Chrome OS Weekly S1 EP 5: Duo Group Call, GPU Acceleration, Android/Chrome Integration, Virtual Desktop

Published by Lamin Kanteh on

Chrome OS weekly is our way of rounding up the latest and greatest on Chrome OS on a weekly basis.
Chrome OS Weekly S1 Ep 5

GPU Acceleration coming to Linux Apps

Gaming has become an important segment of the grand plan that Google has for the titular platform which is Chrome OS. Gaming has become a highly contested market and the mega search giant wants in on the party.

The company introduced Stadia, streaming services specifically dedicated to gaming to compete with juggernauts like Microsoft and Sony.

But, Stadia might not be the only card that Google has up its sleeves. With Linux Beta becoming a norm for all Chrome OS powered devices going forward, this has presented a unique opportunity for Chromebook users who will be happy to learn that GPU acceleration is coming to Linux with support already available for select devices on the beta/dev channel with a stable channel availability set for the Chrome OS 76 update in early August.

I own the Dell Chromebook 13 and up until this day, I haven’t had the chance to try out Linux beta on my Chromebook. Jesse, on the other hand, does own a Google Pixelbook and according to him, he did enable the GPU acceleration flag (#crostini-gpu-support) right after updating his system to the latest dev build (76.0.3807.0). He went on to restart his system in the hopes of trying a steam game or graphics intensive app to no avail. Not a single Linux app would launch. He recognized this lack in Linux app functionality as a critical bug and hopes Google pushes out a patch in the next update. Pending that time, you can watch a video of Kevin at About Chromebooks playing Portal via steam on his Pixel Slate.

Portal on the Pixel Slate About Chromebooks

The new feature was first noticed by Keith I Myers who tested a feature named “Crostini GPU Support.”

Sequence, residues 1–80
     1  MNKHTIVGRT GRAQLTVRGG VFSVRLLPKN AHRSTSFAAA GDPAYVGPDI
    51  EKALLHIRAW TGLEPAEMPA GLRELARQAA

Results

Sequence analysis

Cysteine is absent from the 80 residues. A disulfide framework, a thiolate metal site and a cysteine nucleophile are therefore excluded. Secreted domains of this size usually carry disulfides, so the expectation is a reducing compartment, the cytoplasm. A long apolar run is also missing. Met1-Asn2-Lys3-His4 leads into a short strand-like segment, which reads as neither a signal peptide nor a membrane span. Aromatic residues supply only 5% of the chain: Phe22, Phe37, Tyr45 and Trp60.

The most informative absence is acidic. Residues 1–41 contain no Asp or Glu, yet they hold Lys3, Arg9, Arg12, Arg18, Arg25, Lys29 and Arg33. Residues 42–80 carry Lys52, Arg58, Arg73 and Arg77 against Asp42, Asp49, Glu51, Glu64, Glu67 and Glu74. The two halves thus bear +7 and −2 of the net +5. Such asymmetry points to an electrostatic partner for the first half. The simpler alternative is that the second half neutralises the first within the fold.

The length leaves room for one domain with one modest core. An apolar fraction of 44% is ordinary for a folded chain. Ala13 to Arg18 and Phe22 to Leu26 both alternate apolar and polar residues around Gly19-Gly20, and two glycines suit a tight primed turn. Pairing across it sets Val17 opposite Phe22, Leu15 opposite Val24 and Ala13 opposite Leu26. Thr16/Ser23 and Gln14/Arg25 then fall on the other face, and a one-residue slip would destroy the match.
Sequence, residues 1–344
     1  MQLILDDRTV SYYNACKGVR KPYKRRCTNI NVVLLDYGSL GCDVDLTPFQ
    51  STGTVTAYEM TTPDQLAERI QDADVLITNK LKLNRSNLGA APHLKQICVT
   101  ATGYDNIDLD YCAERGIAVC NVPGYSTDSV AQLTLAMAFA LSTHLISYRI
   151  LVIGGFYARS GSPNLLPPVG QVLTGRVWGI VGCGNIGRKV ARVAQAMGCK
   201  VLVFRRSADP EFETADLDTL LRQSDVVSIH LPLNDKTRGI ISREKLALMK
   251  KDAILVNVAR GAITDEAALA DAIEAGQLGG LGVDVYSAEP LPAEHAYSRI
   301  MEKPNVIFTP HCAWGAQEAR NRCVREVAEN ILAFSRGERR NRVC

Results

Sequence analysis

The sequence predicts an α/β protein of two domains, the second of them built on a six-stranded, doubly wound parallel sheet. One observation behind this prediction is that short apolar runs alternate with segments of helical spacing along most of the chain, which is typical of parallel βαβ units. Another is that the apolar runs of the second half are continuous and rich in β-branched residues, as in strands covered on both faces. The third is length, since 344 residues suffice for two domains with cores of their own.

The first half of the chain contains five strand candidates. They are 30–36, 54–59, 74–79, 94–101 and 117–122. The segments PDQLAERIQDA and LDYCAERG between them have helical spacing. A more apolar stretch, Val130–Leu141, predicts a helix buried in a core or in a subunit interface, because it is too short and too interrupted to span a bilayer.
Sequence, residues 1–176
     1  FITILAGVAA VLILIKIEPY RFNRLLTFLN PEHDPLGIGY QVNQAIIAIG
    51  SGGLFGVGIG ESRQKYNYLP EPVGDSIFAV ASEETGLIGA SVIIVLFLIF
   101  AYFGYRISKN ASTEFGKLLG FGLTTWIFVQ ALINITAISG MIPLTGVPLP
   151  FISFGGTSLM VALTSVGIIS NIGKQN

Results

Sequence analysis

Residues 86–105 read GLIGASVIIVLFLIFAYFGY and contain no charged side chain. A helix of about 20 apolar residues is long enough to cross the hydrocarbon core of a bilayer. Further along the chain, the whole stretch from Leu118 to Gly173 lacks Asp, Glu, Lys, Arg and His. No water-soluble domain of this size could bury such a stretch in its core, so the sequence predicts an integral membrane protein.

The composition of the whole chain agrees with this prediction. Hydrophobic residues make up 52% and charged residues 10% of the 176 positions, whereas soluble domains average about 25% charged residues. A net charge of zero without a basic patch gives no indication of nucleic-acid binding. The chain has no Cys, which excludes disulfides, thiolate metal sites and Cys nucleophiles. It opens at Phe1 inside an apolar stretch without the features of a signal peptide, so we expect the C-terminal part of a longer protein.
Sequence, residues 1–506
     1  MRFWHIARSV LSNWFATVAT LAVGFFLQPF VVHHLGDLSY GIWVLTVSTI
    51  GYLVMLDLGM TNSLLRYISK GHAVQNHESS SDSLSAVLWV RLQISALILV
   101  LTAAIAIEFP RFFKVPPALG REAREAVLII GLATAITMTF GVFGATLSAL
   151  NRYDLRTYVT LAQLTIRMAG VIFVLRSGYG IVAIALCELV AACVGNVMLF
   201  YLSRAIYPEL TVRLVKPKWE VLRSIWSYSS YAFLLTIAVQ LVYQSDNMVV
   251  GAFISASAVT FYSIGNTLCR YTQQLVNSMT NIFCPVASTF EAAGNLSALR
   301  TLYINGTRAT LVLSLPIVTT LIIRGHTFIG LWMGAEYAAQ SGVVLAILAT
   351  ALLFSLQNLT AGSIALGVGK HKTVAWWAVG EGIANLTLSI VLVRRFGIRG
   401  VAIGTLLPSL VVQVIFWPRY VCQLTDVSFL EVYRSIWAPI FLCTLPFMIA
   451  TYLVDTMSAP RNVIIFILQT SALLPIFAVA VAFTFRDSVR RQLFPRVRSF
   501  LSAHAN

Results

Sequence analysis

This theoretically means you could run AAA titles via steam as demonstrated in the video above. Mind you, there are a few things you should, in fact, consider before you take this for a test drive. As we mentioned above, Crostini GPU Support is relatively new and definitely a work in progress so expect bugs and unstable performance issues pending the official debut later in August.

In the meantime, you’d be in luck if you own any of the devices below as they are the only ones that support the #crostini-gpu-support at the time of this writing.

  • Google Pixelbook (eve)
  • Dell Inspiron 14
  • Lenovo Yoga Chromebook C630
  • Acer Chromebook 13
  • HP X360 Chromebook 14

Source

Google Working to Better Integrate Android With Chrome

Creating a functional/connected relationship between smartphones and computers has been the tech world’s biggest nuisance.

One can argue that Google has in fact worked out some of the most difficult kinks involved in establishing a sustained relationship between your smartphone and computer: that is in the case of Android and Chrome OS but continuity between both platforms continues to lack as well as seamless synchronization as you can experience on macOS. It is such that

Google isn’t the first company to try to unite its smartphone and computer platforms into one workable system as companies like Apple and Microsoft have been at it for quite a while now with the latter forced to ax its smartphone business due to poor sales and slow adoption, the former, however, is perfectly set up on both platforms.

android and small chrome
Android standing over Chrome

Google, however, isn’t resting on its laurels if recent reports are to be believed as Chrome Story recently found some code snippets which suggests that the company is planning something big for Android and Chrome OS.

Android does have some level of integration with Chrome OS but to be honest they aren’t as refined as the alternative experience of iOS and macOS or Microsoft attempted with Windows Mobile and Windows.